May 18, 2013
It’s difficult to gauge the strength of a storm when you’re in the middle of it. At first glance, Wednesday night’s downpour looked like just another bout of hard rain and hail. But dawn revealed the real impact of that storm. At least 17 people were reported killed. The devastation was harsh in many Buenos Aires neighbourhoods and also in Greater Buenos Aires, the bastion of President Cristina Fernández de Kirchner. Blackouts were reported, triggering public rage directed both at the private power utilities and the national government for failing to plug Greater Buenos Aires back into the power grid fast enough.
How can a storm be political? There was devastation and that’s it. But the political implications of the storms came in the form of roadblocks in Greater Buenos Aires as well as fear of looting and other crimes with neighbourhoods still in the dark.
The President on Friday ordered the army to help out in aid work. The storm has evidently hit the power base hard. It will also test the efficiency of both the national government and the Kirchnerite mayors that rule over Greater Buenos Aires for the President. The working class suburbs were not necessarily in an excellent mood even before the storm: a commuter train taking mainly workers from the suburbs to Buenos Aires City crashed in the morning rush hour of February 22 at Once train station, killing 51 people.
On Wednesday, you had a real storm. But Argentina has had to deal with political storms of the metaphorical kind since at least 1930.
Stormy winds have swept through the disputed Malvinas Islands all this year. Monday, a national holiday in Argentina, marked the 30th anniversary of the military dictatorship’s occupation of the disputed islands in 1982.
The rhetoric between Argentina and Britain concerning Malvinas, which included many verbal jabs between Fernández de Kirchner and British Prime Minister David Cameron, had certainly been stormy before Monday’s anniversary. Argentina, if you ask Britain and the islanders championing their right to self-determination, has been engaged in demagogic saber-rattling for too long.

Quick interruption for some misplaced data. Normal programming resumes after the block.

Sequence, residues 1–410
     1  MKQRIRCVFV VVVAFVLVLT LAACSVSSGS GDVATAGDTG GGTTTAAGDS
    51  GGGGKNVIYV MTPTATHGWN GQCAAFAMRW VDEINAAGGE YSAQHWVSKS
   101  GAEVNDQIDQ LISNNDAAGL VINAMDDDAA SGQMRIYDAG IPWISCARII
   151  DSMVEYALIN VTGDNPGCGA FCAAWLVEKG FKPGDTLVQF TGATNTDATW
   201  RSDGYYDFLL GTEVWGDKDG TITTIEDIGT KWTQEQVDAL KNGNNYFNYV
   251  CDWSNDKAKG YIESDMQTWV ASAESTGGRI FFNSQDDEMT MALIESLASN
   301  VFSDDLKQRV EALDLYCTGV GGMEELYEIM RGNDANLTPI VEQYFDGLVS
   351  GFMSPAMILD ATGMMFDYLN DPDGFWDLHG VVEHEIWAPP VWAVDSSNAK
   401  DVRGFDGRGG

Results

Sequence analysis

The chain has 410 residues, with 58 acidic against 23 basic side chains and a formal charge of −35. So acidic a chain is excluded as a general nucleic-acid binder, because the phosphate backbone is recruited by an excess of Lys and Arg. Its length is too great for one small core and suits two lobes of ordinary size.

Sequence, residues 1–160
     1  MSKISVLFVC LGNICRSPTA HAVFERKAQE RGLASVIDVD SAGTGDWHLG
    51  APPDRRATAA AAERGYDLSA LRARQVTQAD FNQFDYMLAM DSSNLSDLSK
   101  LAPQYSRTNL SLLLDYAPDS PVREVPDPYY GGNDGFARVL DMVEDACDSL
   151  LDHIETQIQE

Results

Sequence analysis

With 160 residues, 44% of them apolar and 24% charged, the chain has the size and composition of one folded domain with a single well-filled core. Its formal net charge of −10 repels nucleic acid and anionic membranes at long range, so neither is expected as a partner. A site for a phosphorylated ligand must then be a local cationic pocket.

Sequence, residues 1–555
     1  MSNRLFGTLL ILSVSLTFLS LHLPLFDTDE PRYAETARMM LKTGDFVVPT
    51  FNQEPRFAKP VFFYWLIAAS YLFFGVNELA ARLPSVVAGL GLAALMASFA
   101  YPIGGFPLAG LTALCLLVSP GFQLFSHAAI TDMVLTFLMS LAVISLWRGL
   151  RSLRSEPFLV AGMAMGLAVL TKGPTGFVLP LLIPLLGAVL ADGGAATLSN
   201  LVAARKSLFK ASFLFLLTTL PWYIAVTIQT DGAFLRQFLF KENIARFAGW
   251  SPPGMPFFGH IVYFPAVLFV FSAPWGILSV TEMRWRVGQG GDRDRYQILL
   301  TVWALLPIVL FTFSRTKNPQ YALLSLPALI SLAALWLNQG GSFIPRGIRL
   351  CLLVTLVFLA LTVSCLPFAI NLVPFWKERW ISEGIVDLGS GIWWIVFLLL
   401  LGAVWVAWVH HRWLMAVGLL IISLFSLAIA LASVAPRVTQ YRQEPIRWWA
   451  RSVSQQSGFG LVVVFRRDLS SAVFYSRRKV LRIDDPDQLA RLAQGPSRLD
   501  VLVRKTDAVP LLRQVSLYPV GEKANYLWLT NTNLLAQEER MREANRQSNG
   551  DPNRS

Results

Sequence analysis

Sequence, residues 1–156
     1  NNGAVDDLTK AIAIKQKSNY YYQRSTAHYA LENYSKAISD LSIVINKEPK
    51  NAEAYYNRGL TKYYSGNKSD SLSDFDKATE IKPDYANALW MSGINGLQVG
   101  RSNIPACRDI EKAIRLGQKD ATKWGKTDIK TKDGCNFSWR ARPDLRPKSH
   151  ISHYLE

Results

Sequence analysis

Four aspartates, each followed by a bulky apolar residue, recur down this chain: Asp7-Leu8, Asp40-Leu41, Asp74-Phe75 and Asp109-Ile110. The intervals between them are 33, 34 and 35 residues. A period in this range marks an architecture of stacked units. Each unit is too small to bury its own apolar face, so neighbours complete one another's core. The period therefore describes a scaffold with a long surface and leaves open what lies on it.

Maybe. But even the President’s critics agreed that on Monday, when she addressed a ceremony in Tierra del Fuego, there was no talk of confrontation. Fernández de Kirchner, in yet another sign that there is a limit to the kind of inflammatory rhetoric she will use in Malvinas, called for peaceful diplomatic dialogue with Britain to solve the conflict. Britain, of course, has flatly refused to address the sovereignty issue unless the islanders want to. There’s no chance that the islanders will ever want to agree to sovereignty talks with Argentina after the occupation of 1982.
There’s nothing really new to write home about once you see through the nationalist rhetoric thrown about by the President, which according to polls is favoured by the Argentine public.
What could be news is that nationalism, in case you hadn’t noticed, is making a comeback now that global capitalism is going through an identity crisis.
When it comes to Malvinas, the President’s nationalism has been of the harmless symbolic kind (although Argentine business leaders have been instructed to purchase less British products). But what looks like very real nationalism is the speculation that Fernández de Kirchner is poised to announce the state takeover of the oil company YPF, privatized in the 90s and currently controlled by Spain’s Repsol.
Argentina’s oil-producing provinces have been revoking YPF’s concessions over fields, prompting the company’s stock price to plummet both in New York and Buenos Aires.
Repsol-YPF (also partly owned by the Argentine Eskenazi family) is now worth about 10 billion dollars when it was, until recently, worth approximately 16 billion dollars. The national government has denied reports that it plans to use funds from the state social security agency ANSES to purchase the company. Yet the speculation of a state takeover has not gone away and it rhymes perfectly with the nationalist agitation about Malvinas that was encouraged by the President before the 30th anniversary.
The President on addressing Congress to deliver her State of the Nation speech on March 1, announced a bid to open talks with Britain to establish three flights between Buenos Aires and Malvinas. Such talks have not materialized, but before the speech many had anticipated that what the President had in mind was banning flights from Chile to the islands from flying through Argentine skies. Also on March 1, the President refrained from making a major nationalization announcement about YPF.